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To serious food lovers, Chef Marcus Samuelsson needs no introduction. The 47-year-old Ethiopian-born, Sweden-raised restaurateur and culinary wunderkind heads-up the kitchen at New York’s much-acclaimed Red Rooster Harlem, presenting an artisan’s take on traditional American comfort food. The youngest chef ever to receive a three-star restaurant review from The New York Times, Samuelsson was named 2003’s "Best Chef: New York City" by the James Beard Foundation and received the Foundation's prestigious prize for his 2006 cookbook, The Soul of a New Cuisine.
Somehow, this past July, Samuelsson still found time to serve dozens of appreciative New Yorkers a selection of carefully chosen small plates from a food truck parked outside an historic townhouse on the Upper West Side. Part of Booking.com's Taste of Travel Townhouse Experience, the dishes, inspired by New York neighborhoods rich in culinary traditions, included sticky rib, beef rib, and pickled chili to represent Koreatown, meatball skewer, lamb, chicken, dill, and labneh in homage to Astoria's dual Greek/Middle Eastern heritage, and much more. The event was planned in support of Samuelsson’s 6-part PBS series No Passport Required, which launched July 18, sending the master chef across the U.S.A in search of community, dialogue, and great food.
No stranger to TV, Samuelsson has served as a mentor on ABC's “The Taste,” hosted shows on the Discovery Home Channel and BET J, and is a regular guest judge on the Food Network’s Chopped. In this newest series, he highlights the real stories behind culinary life in America. Recently Samuelsson chatted with Departures about travel, treasured dishes, and his all-time-favorite destination.
I heard that one of your favorite travel destinations is Addis Ababa?
“It's the capital of Ethiopia and where my wife and I are from. It’s such a magical place to go because it's a big city, but still feels small and the food is amazing. It's not overcrowded with tourists yet. You have to go to Mercato, the open market, it's one of Africa's biggest. You can drink honey wine and tea, buy fabric—you really feel transported.
You filmed an episode of Explore Parts Unknown in Addis Abba with Anthony Bourdain. What did you most want to convey to viewers?
Any time you talk about Africa, you want people to experience Africa the way you experience Europe, the way you experience aspects of South America, with no fear. Africa is amazing, and most people who go to Africa have an amazing time. People just don't know how to "open it up" or where to go to first. As an African, you feel like an ambassador, exclaiming "come to Ethiopia! Come to Cape Town! It's amazing.” You constantly feel like that.
What is your favorite destination for food?
For food, my favorite travel destination is Tokyo. But I also love Brazil, because I can also play soccer and be at the beach—which is not a bad combo! I like to visit Rio, but also Manaus, the capital of the Amazon, in the middle of the jungle. In Brazil, you eat a fair amount of sweet foods—mostly African sweet foods that were brought over—and I love that. There are shrimp dishes, pepper dishes—and then you drink Caipirinha on the water. That's a pretty good life.
Beyond food and travel destinations, what is your all-time favorite city?
Addis always puts a smile on my face. But my favorite city is New York City—that's where I live! It is my favorite city of all time.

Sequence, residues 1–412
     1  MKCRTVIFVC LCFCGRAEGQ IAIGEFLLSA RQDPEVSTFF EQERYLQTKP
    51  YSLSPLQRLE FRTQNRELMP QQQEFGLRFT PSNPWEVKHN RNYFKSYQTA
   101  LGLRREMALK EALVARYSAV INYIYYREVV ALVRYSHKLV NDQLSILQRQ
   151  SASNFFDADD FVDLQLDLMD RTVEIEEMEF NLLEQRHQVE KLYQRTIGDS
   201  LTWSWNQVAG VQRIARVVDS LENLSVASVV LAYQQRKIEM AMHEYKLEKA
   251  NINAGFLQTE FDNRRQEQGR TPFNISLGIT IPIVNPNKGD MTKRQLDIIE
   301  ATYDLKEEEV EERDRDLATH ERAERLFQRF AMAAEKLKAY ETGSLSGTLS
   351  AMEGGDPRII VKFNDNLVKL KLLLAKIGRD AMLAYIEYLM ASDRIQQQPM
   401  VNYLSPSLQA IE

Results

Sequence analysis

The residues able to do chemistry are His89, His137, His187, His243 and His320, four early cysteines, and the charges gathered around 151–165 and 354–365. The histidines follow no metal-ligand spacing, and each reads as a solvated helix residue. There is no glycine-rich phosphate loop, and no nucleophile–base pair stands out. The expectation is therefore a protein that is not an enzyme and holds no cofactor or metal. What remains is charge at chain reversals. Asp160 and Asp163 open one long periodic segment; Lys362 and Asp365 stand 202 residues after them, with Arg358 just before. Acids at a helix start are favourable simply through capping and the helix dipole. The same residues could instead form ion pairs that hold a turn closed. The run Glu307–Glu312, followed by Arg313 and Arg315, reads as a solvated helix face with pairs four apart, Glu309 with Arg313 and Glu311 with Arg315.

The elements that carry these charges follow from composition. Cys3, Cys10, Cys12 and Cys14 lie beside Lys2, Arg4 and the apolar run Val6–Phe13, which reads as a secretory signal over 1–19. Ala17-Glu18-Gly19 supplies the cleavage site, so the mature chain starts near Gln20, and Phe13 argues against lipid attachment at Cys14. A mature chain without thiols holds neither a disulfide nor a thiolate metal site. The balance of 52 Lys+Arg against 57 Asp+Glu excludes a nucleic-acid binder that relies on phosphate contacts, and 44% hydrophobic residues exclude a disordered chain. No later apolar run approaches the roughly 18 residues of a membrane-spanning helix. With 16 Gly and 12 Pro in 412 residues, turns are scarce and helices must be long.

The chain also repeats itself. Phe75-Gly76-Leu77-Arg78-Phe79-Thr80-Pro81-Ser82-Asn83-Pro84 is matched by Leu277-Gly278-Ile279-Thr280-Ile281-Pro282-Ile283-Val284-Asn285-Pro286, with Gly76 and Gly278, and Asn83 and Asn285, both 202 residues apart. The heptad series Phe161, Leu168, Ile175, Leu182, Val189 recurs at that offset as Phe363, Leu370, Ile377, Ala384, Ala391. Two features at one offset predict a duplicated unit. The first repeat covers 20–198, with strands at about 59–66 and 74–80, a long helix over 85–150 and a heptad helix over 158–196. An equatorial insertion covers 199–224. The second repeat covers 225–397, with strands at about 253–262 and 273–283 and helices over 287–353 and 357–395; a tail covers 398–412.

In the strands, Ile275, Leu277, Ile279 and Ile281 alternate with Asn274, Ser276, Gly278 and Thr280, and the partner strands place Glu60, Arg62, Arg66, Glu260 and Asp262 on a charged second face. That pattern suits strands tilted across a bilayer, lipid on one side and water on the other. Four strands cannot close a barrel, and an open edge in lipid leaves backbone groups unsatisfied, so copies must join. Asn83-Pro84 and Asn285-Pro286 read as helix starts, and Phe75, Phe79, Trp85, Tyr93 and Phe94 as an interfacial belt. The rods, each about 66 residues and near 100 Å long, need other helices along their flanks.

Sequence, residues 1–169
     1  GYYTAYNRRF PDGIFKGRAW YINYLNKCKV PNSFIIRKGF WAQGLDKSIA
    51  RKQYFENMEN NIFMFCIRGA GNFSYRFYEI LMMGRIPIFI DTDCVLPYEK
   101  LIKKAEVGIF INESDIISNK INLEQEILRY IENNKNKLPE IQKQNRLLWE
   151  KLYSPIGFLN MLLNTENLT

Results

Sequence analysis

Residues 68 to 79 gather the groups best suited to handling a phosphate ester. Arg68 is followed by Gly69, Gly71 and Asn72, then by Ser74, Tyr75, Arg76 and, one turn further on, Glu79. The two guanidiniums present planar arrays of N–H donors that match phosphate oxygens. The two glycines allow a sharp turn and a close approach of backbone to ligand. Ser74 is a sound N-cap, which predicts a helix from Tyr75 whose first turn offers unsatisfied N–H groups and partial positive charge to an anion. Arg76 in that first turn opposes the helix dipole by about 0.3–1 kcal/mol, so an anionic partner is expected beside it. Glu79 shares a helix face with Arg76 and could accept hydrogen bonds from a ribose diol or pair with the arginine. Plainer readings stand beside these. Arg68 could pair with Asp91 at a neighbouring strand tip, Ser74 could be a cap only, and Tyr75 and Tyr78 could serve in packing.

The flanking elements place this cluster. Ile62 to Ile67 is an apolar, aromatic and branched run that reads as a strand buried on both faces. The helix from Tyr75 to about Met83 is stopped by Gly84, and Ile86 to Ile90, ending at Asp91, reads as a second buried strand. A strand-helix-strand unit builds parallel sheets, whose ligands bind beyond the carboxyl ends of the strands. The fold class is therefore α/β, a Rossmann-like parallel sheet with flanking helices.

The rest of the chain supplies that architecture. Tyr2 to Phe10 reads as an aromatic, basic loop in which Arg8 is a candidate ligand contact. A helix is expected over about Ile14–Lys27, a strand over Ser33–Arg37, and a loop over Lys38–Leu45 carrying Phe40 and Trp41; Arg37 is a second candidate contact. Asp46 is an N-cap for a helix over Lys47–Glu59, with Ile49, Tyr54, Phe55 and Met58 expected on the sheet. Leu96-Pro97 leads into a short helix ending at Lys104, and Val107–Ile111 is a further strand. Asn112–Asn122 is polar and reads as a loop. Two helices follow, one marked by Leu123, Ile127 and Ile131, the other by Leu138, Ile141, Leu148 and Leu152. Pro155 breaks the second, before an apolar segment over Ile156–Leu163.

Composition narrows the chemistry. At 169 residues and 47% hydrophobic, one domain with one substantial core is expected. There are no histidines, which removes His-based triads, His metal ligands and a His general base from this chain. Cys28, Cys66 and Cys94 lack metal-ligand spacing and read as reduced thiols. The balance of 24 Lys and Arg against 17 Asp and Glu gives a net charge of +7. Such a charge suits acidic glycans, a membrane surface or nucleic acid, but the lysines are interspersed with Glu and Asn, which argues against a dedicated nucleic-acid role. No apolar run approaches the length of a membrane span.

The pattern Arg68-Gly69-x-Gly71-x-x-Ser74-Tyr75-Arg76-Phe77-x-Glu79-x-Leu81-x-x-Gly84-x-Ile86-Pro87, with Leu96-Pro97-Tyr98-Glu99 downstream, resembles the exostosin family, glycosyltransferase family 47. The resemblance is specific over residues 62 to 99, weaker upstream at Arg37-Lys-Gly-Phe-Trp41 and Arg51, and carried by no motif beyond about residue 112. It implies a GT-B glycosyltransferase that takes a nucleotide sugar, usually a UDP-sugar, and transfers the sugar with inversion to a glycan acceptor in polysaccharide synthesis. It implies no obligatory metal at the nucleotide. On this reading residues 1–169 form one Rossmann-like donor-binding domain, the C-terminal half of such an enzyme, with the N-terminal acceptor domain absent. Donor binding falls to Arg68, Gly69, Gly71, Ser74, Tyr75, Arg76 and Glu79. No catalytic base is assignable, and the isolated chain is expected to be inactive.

What made you want to transform this New York townhouse into an eating experience?
The show is really about exploring and traveling, and we want people to be out exploring and being part of America—exploring America—and both this and booking.com and No Passport Required are all projects that are about bringing out that inner traveler in people, about celebrating our amazing diversity, even in times like this when diversity is being challenged.
Is this a major theme of the show?
When you live in New York and work in an industry that’s so diverse, you're around so many different cultures all the time. And you can take it for granted, but you shouldn’t take it for granted. Diversity is what makes America so beautiful. It's important that we celebrate each other through art, music, and breaking bread, food—and traveling is a major connector to that. I think of everything I've learned through traveling—I would be a completely different person if my parents hadn’t put me in that car or on a plane at an early age—and that curiosity stays with me today.
What were some of the most interesting conversations you had while filming the show?
It was absolutely amazing to visit Miami and be part of the Haitian-American community or in Chicago speaking to the Mexican American community. At this moment, with ICE and DACA such a constant presence, to be able to have conversations with people experiencing this first-hand—those were all extremely humbling. There’s a sense of pride and community that doesn't always get the chance to be explored through a tv show, and I think we can do that. Little Haiti has such a rich history. They have a soup called soup joumou that is a soup of independence, so you can experience a country through its soup. I think that's fabulous—it's a beautiful community.
Out of curiosity, is there a regional dish even you have trouble making?
A lot of them! On "Chopped" it happens all the time. There was one segment where I was cooking with a Vietnamese family in New Orleans and I'm messing up the spring rolls, and the pork terrine is not done right. So I got to go back to cooking school. I loved it. And that's no small part of traveling. Having cooking classes while you travel, or eating and going to markets—eating a dish you might not have grown up on—that's exploring, that's traveling. Now you're living!